The general said they continue to receive weaponry purchased to Russia: a lot of Ak-103 automatic rifles and this week they expect the last four of a lot of 24 Sukhoi aircraft.
He also mentioned a copter maintenance center in construction when they are a few copters short to complete the contract with Russia.
Source: Prensa Latina
Calle 23 esq. N Vedado, La Habana – Cuba
Filed under: Business and Economy, Government & Politics, Travel and Tourism
WILLEMSTAD, Curaçao — Stroll down Columbusstraat. Enter the smoke-filled lobby of the San Marco Hotel and Casino. Proceed up a flight of stairs to the front desk. Dial Room 106. Bring a credit card issued in Venezuela.
In a quest to get their hands on American dollars, Venezuelans are flocking to this island in the Netherlands Antilles to take part in this elaborate back-room scheme and others like it to get around currency controls imposed by the government of President Hugo Chávez.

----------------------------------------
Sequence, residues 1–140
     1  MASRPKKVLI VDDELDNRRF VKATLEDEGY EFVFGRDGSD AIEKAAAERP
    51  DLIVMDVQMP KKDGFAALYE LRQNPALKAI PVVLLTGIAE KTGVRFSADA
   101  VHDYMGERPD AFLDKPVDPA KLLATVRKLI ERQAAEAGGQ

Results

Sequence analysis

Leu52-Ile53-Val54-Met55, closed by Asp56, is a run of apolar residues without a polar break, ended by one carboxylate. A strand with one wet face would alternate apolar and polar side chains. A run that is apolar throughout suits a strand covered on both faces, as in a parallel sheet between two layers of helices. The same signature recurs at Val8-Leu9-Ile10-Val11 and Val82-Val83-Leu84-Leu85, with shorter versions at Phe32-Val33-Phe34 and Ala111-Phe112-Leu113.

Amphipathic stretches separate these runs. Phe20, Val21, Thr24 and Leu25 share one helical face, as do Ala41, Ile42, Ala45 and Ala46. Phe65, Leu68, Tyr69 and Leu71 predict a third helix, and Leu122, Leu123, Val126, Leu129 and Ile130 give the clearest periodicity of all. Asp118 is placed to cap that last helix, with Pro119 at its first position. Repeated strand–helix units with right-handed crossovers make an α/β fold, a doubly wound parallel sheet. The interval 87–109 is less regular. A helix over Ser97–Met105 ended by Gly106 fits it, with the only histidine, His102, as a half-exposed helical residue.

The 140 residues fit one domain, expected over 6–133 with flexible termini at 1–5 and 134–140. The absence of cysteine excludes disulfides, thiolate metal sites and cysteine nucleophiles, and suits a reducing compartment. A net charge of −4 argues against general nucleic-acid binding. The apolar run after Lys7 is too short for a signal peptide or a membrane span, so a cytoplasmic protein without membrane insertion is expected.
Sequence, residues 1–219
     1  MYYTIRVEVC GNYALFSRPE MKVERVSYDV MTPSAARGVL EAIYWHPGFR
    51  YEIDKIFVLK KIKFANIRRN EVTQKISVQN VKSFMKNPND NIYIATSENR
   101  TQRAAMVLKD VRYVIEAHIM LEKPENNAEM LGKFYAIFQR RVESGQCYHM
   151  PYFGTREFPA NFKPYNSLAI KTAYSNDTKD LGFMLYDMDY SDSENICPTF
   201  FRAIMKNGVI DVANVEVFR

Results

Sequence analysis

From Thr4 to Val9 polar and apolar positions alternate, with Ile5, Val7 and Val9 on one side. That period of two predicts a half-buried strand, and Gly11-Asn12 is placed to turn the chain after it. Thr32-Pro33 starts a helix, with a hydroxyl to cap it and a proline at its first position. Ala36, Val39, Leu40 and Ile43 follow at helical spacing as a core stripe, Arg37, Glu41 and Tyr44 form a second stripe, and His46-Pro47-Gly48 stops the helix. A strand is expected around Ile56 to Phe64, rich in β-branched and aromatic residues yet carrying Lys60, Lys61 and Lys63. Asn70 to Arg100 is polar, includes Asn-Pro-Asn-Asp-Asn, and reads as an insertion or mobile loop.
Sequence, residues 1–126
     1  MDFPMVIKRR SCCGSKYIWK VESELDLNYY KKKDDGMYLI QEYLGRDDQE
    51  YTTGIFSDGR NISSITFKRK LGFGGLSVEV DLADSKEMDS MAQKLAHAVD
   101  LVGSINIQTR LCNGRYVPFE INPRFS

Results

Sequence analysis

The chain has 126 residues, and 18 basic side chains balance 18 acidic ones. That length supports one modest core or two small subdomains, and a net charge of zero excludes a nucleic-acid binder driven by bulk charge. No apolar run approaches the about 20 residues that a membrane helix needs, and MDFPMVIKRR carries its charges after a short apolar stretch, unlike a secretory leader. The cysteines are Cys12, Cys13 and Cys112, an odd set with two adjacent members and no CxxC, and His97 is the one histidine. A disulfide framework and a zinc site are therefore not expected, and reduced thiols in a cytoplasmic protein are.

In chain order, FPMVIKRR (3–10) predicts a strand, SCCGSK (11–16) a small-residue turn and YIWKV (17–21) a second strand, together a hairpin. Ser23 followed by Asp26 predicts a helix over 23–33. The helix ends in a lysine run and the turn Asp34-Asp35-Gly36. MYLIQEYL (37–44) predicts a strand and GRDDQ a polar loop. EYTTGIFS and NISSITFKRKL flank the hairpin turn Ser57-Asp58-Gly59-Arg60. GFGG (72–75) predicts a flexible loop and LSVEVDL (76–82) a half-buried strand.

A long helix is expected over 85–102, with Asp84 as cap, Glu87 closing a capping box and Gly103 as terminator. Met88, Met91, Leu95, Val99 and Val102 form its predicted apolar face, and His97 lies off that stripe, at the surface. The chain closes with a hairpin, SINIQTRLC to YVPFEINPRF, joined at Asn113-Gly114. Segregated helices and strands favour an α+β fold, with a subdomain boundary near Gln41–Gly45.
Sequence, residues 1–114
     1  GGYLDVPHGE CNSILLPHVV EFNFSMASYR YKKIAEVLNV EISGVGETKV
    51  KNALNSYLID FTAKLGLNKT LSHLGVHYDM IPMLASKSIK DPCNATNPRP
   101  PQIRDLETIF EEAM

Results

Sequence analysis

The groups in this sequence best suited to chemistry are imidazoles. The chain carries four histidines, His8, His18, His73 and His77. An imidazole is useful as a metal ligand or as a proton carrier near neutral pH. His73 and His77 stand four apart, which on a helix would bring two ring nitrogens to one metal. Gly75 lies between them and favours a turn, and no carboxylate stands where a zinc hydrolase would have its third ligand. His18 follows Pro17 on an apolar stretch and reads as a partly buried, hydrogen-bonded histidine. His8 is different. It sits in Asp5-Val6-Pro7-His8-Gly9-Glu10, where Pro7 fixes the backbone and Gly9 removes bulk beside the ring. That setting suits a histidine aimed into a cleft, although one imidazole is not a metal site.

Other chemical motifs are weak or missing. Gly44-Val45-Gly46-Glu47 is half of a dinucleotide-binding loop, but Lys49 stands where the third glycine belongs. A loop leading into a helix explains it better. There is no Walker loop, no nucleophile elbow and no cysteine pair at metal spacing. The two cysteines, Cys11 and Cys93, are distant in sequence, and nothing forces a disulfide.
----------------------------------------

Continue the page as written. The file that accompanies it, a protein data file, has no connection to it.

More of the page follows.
“These Venezuelans come here to get their dollars, and we’re happy to help them out,” said Ronald Veenstra, 36, owner of the Supreme and Real, a bar opposite the San Marco Hotel, while mixing a mojito. “I’ve never poured more drinks for any one group in my entire life.”
For Venezuelans, the Curaçao option for obtaining dollars emerged last year when the value of Venezuela’s currency, the bolívar, fell sharply against the dollar as fears intensified over Mr. Chávez’s economic policies, including the nationalization of oil and telephone companies.
Faced with the highest inflation rate in Latin America, about 23 percent, and the dwindling value of the bolívar, Venezuela became an economic oddity in an age of ascendant currencies as varied as the Brazilian real and the Peruvian sol: a place where the dollar is still sought after.